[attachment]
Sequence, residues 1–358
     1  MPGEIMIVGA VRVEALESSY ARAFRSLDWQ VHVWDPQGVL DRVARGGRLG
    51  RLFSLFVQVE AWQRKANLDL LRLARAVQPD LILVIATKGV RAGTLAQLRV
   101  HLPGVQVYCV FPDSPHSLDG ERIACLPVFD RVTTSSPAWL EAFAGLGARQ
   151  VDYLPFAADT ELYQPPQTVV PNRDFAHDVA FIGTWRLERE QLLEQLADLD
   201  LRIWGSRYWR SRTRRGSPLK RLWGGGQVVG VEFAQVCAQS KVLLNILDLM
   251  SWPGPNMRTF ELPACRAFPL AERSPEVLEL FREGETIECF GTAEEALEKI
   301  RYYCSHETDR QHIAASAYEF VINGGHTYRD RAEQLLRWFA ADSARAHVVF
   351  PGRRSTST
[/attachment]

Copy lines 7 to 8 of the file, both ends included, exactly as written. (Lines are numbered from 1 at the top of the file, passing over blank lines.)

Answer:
   251  SWPGPNMRTF ELPACRAFPL AERSPEVLEL FREGETIECF GTAEEALEKI
   301  RYYCSHETDR QHIAASAYEF VINGGHTYRD RAEQLLRWFA ADSARAHVVF